This was collected using a pretested interviewer-administered questionnaire. The questionnaire was designed by the researchers after an extensive literature review. It elicited information on respondents' sociodemographic characteristics, respondents' knowledge, and attitudes toward blood donation, and their blood donation practices.

Qualitative data collection

To explore the beliefs of the residents about blood and its donation, two focus group discussions (FGDs) were held using a study guide designed by the researchers: One for men and the other for women. The participants for the FGDs were selected using a convenience sampling technique. Eight men and seven women participated in each FGD. The discussions were held at neutral locations. Each session had a moderator, recorder, and time keeper. All personal data collected were stored completely anonymous as the participants were coded. Each session lasted between 60 and 90 min. At the end of each session, the participants were offered soft drinks as a show of appreciation.

Four research assistants (Badagry indigenes with at least a secondary school education) were trained to collect quantitative data and assist the researcher in the conduct of the FGDs. Data were collected over a period of 1 week in September 2014.

Data analysis

Quantitative data were analyzed using Epi info 3.5.3, manufactured by Centre for Disease Prevention and Control (CDC), and SPSS version 16.0 released in 2007 by SPSS Inc. Chicago. There were eleven questions assessing knowledge of blood donation. A point was awarded for every correct response so that a maximum of eleven points was obtainable. This was converted to percentage. Respondents with a score of 50% and above were classified as having adequate knowledge. There were five questions graded on a 4-point Likert scale, assessing respondents' attitude toward blood donation. Three points were awarded for each most positive response, and 0 point for each most negative response. A maximum of 15 points was obtainable and later converted to percentage. Respondents with a score of 50% and above were considered to have a positive attitude toward blood donation. Bivariate analysis was carried out in two separate scenarios. First, with the dependent variable being a history of previous blood donation and then second, with a willingness to donate blood voluntarily as the dependent variable. P ≤ 0.05 were considered statistically significant. The qualitative data were analyzed manually. The tape recordings from the FGDs were transcribed verbatim, and the transcripts were coded thematically. Next, similarities were identified, differences resolved, and consensus achieved. Verbatim passages were selected from the transcript to illustrate the themes.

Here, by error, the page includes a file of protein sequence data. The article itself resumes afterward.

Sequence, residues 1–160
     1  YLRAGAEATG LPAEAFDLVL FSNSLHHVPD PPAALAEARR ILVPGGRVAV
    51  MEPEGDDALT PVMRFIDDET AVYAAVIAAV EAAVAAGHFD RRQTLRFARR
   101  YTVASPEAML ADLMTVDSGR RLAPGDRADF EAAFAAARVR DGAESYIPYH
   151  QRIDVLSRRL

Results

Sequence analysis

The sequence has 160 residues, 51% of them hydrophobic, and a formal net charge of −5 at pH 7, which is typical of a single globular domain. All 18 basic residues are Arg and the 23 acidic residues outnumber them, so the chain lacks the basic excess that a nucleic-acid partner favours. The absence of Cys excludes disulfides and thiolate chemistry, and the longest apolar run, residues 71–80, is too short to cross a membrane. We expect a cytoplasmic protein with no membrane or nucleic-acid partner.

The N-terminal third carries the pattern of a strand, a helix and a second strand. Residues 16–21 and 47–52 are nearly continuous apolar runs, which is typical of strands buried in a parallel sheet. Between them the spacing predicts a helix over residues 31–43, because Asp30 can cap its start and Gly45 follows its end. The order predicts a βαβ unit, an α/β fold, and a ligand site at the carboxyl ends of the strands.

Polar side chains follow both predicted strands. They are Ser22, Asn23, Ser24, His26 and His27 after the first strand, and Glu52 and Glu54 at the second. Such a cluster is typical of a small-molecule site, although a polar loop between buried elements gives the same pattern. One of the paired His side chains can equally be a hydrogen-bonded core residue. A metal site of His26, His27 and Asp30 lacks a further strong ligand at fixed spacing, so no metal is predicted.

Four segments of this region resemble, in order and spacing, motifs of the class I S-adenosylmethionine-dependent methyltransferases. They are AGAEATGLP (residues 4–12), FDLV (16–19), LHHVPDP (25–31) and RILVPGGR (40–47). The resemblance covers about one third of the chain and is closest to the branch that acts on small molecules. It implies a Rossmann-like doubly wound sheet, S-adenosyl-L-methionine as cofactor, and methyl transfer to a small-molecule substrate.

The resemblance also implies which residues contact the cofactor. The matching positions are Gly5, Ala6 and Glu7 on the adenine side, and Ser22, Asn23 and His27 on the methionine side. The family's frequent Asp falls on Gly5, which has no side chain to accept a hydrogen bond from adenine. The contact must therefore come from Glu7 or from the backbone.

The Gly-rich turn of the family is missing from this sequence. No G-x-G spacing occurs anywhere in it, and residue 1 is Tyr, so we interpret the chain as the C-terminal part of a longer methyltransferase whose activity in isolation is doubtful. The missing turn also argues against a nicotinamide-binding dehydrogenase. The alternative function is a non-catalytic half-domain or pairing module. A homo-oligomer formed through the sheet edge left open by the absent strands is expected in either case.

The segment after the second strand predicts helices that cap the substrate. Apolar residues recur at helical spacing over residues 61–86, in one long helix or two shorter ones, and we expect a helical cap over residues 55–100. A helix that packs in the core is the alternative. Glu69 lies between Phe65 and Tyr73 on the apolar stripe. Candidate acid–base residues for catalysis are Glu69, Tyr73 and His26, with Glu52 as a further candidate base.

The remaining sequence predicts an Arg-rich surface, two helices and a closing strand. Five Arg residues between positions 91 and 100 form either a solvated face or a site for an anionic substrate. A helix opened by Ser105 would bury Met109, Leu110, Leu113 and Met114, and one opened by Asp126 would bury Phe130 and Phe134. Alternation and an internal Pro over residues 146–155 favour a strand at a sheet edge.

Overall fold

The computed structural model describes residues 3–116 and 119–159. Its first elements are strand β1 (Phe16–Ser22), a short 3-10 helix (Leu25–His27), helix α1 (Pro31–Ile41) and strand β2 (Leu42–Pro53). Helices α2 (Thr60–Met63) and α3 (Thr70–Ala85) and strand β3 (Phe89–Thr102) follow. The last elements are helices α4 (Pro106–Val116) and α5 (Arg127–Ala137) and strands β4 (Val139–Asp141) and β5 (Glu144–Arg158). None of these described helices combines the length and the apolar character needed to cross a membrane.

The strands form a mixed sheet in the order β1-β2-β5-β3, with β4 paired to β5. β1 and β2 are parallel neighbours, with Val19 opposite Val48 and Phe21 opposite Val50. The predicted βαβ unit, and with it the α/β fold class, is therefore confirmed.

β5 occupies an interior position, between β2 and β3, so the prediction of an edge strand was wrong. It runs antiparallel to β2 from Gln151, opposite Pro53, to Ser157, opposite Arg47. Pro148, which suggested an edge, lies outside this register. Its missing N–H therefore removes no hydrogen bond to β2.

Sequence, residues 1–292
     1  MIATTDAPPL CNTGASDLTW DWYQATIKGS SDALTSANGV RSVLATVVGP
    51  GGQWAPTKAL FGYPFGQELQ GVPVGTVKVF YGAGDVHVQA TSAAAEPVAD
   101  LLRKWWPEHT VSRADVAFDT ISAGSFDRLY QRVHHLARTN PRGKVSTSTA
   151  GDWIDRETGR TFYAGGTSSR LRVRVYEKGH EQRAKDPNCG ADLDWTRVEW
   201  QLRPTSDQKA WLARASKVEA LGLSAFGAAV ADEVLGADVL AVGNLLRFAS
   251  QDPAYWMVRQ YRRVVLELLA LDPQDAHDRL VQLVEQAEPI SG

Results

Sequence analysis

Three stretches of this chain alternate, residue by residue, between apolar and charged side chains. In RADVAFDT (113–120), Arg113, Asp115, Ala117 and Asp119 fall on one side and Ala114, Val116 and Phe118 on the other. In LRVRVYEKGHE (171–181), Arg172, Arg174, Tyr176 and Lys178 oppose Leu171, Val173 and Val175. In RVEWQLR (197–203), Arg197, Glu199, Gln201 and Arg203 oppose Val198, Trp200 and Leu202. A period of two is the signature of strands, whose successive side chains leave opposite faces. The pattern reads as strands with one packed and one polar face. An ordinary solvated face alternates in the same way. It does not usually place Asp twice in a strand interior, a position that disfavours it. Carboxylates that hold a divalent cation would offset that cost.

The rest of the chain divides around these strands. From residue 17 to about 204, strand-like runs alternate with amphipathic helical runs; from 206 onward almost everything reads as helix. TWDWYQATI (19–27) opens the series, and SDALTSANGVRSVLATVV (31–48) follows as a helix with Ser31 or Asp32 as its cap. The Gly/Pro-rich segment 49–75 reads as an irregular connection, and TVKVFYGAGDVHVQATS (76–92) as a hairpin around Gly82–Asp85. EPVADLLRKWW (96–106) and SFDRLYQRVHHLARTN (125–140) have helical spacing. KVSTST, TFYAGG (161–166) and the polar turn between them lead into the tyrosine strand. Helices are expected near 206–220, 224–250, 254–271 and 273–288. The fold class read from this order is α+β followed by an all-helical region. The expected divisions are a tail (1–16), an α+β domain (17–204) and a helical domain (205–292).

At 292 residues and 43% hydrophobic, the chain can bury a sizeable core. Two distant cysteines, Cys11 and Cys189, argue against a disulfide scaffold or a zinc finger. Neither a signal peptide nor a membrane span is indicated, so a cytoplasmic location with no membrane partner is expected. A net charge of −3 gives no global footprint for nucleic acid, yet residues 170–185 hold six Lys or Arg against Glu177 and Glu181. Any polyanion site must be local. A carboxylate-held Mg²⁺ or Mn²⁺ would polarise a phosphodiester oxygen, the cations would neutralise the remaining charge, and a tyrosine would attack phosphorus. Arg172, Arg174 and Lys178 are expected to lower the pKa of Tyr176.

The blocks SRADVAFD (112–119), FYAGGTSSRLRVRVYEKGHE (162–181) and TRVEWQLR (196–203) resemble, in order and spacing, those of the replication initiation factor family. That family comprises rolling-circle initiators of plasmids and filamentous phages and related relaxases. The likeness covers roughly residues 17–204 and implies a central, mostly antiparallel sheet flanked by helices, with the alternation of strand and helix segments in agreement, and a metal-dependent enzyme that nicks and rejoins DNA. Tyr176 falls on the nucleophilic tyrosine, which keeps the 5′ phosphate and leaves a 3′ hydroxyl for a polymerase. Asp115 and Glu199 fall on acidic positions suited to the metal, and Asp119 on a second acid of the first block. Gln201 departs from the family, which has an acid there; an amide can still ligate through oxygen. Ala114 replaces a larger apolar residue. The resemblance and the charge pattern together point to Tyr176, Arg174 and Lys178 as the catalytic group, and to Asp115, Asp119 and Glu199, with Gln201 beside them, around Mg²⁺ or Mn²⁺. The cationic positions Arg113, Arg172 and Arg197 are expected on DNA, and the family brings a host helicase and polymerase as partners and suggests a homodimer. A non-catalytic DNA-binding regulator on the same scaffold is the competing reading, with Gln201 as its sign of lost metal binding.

Ethical considerations

Ethical approval was obtained from the Human Research and Ethics Committee of the University of Lagos Teaching Hospital, Lagos, (Registration number: NHREC: 19/12/2008a) before proceeding with the study at the Badagry LGA. Permission was also obtained from the Local Government Authorities of Badagry LGA. Written informed consent was obtained from each respondent.